Chondrichthyan belongs to the class Chondrichthyes is also known as chondrichthyan. The chondrichthyan meaning has a diverse group of cartilaginous fishes. The best Chondrichthyes examples are skates, chimaeras, sharks, and rays. The Chondrichthyan classes are widely dividing the living fish groups into two great groups. The other fishes are Osteichthians or bony fishes. The name Selachii is also used for denoting the group containing sharks.
The fishes under Chondrichthyes have many unique, physiological, structural, behavioral, and biochemical characteristics. This attracts many scientists to make research on the class Chondrichthyes. Some sharks and stingrays are frightening and dangerous to human beings. At the same time, they are fascinating. So, people in a tropical region, who depend on the sea are figured prominently in folklore. The hazards caused by the shark are very real and sensational, so people are attempting to distinguish them as dangerous and harmless species.
Taxonomy of Chondrichthyes
The Selachii denotes the vertebrate category of fishes and their skeletons are primarily composed of cartilages. Many ichthyologists are working on Selachii and some authorities are even considering Selachii as a class or subclass that contains all the modern rays and sharks. But some other authorities restricted the use of this name for the order of modern sharks and certain extinct ancestral forms. In the latter system, the rays include guitarfishes, mantas, stingrays, sawfishes, electric rays, and skates are ranked separately.
The species under Holocephali (chimaeras) classes holds many similarities to Chondrichthyes sharks and rays in their skeletal structure, physiology, and internal organs. Ichthyologists went through all the similarities among the modern and ancient rays, sharks, and chimaeras, which are under the class Chondrichthyes, and further noticed the cartilaginous fishes. After analyzing all these systems the skates, sharks, and rays are classified and grouped into one subclass. The chimaeras and elasmobranchs are classified and kept under the subclass Holocephali. But the rank of the two group classes implies a degree of distinctness equal to the birds (Aves), reptiles (Reptilia), amphibians (Amphibia), and mammals (Mammalia).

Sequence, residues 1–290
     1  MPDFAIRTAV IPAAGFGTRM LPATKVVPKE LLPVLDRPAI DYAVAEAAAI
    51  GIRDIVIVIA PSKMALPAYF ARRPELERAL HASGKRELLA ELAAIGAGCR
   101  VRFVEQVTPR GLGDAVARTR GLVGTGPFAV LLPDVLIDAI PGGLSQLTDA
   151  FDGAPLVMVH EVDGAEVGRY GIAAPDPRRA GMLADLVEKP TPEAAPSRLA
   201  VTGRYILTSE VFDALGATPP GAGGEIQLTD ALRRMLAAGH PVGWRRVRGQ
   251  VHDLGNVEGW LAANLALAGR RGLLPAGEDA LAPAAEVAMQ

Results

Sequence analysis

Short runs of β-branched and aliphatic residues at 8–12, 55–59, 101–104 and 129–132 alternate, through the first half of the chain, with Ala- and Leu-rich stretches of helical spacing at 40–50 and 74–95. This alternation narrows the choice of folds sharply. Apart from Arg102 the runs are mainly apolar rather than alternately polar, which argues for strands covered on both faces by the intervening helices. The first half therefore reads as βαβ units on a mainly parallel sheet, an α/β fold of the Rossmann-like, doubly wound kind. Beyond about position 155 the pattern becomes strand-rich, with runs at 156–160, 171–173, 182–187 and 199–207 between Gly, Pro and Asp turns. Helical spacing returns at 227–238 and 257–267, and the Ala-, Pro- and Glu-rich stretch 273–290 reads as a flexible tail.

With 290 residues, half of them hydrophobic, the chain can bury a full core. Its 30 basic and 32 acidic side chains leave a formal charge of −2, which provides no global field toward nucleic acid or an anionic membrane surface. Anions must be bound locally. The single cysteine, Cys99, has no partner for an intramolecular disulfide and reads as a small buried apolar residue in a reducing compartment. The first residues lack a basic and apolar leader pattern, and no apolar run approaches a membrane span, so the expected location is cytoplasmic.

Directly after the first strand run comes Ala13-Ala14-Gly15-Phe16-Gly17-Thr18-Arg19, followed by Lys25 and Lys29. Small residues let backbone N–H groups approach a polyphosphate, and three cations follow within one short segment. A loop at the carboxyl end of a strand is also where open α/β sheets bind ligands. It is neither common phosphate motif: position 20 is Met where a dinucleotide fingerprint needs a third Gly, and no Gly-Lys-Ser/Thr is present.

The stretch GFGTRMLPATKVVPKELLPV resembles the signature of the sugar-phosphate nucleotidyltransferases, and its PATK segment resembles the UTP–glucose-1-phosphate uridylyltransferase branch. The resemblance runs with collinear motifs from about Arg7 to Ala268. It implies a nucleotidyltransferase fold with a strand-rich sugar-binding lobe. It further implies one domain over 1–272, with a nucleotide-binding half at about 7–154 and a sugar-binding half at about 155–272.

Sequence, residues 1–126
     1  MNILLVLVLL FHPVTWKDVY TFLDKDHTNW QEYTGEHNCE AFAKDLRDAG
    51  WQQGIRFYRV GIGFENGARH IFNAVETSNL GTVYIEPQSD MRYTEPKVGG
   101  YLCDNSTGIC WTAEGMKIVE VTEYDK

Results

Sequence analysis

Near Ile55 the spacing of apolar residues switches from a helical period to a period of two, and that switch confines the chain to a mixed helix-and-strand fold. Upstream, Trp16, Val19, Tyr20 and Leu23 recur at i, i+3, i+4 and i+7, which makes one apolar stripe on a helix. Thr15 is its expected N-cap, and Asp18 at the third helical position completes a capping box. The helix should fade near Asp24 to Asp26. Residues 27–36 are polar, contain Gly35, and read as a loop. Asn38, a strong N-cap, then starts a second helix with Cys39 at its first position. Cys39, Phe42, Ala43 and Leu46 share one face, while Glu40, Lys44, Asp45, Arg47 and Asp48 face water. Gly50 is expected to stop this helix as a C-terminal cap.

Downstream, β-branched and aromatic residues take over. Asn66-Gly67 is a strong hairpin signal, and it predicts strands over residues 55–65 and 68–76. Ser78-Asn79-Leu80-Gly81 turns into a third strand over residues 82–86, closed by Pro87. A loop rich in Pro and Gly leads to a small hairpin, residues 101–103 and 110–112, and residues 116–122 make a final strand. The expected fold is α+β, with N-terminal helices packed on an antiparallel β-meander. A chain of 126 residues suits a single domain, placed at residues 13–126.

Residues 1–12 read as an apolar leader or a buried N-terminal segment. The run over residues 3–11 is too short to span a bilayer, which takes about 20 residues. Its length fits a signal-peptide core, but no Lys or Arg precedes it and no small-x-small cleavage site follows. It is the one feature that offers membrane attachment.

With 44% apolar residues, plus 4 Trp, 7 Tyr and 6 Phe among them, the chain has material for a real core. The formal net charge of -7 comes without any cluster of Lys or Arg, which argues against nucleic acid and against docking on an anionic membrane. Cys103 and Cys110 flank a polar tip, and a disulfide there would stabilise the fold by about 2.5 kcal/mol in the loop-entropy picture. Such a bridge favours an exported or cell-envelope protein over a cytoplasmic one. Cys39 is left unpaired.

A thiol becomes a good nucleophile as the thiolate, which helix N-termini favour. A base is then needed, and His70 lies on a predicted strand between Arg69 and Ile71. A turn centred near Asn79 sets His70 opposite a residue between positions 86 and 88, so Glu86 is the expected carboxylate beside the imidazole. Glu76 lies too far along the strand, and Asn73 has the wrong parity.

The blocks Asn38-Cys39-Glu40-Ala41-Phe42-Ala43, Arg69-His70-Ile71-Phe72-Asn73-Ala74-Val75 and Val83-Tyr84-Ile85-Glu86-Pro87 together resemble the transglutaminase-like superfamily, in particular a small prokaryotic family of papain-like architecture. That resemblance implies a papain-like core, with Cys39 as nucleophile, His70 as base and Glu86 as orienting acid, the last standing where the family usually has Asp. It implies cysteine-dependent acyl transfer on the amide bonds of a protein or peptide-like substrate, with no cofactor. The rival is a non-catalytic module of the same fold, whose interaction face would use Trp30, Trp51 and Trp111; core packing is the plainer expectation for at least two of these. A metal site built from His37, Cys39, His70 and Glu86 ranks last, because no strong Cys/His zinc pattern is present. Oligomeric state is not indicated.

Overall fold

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Distributions of Chondrichthyes
Most of the rays and sharks are marine fishes. But some species under this class enter estuaries and travel miles together in the rivers and some species remain in freshwaters as permanent residents. Most of the species live in relatively shallow waters of continental margins or around offshore islands. And other few species roam far out in the vast spaces of the oceans. Further, some species live at great depth in the midwater or at the bottom. But most of the Chondrichthyes are surface swimmers and are inhabited in the bottom of shallow waters.